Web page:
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Monks and activists from Kampot province march along National Road 3 en route to Phnom Penh
Monks and activists from Kampot province march along National Road 3 en route to Phnom Penh for a rally on December 10. PHOTO SUPPLIED

Long march to capital begins

The long journey on foot from the provinces to Phnom Penh began yesterday for hundreds of villagers and monks who intend to mark December 10’s International Human Rights Day by protesting outside the National Assembly.

Parades of people, expected to grow in size the closer they get to the capital, set off from 16 provincial towns, some of them along national roads, human rights workers said.

Vorn Pov, president of civil-society group Independent Democracy of Informal Economic Association, who headed the parade from Kampong Thom province, said the marchers would trek for nine days to deliver petitions to the ruling Cambodian People’s Party and the opposition Cambodia National Rescue Party asking for action to be taken against human rights abuses.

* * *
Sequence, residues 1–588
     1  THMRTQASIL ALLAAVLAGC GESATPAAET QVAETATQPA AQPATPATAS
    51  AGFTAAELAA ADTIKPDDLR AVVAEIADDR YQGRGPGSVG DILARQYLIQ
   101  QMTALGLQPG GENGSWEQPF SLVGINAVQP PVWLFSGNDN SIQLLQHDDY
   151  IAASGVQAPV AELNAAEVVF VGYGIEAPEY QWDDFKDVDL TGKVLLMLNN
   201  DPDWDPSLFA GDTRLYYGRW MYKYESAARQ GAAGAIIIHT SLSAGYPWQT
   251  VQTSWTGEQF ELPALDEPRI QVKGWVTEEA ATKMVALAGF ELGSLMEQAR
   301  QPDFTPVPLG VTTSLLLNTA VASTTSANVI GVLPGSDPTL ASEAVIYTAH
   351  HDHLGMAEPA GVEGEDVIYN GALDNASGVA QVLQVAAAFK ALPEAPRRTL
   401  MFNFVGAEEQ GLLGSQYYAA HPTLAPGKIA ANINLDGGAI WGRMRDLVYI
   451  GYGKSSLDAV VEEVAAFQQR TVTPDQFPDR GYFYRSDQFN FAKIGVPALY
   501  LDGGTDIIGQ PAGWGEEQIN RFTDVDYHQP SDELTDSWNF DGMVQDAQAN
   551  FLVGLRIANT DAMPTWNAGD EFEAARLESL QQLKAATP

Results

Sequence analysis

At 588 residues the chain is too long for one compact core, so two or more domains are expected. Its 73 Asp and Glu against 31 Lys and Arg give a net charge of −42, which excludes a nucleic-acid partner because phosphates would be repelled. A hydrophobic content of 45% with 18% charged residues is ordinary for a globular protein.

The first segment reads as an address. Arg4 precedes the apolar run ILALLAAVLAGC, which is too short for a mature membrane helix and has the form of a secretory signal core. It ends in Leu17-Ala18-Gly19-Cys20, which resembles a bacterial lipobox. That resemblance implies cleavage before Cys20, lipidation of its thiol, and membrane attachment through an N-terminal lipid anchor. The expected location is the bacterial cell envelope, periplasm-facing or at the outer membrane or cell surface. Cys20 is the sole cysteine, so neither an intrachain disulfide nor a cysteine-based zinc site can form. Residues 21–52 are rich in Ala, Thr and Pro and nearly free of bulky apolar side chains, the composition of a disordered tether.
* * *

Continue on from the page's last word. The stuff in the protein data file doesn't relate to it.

“We want to send a message to the government to stop the abuse of people’s rights,” he said.

About 1,000 people were marching along five national roads and those involved expected up to 30,000 people on December 10, he added.

Sar Mora, president of the Cambodian Food and Service Workers Federation, who led the parade from Pursat town, said there were about 80 people – some monks – in his group.

“We do not have war – but we do not yet have peace,” he said.

National Assembly spokesman Chheang Vun declined to comment yesterday. The CNRP announced last week it is moving a rally planned for the day from Phnom Penh to Siem Reap to avoid hampering NGOs’ efforts to get permission to use public spaces.

City Hall spokesman Long Dimanche said yesterday that he has yet to receive letters from NGOs asking to use Freedom Park for the event.

“When they file the letter requesting permission, we will consider this request and call them for a meeting,” he said. “We can’t say now whether they will be allowed.”

ADDITIONAL REPORTING BY KHOUTH SOPHAK CHAKRYA AND SHANE WORRELL

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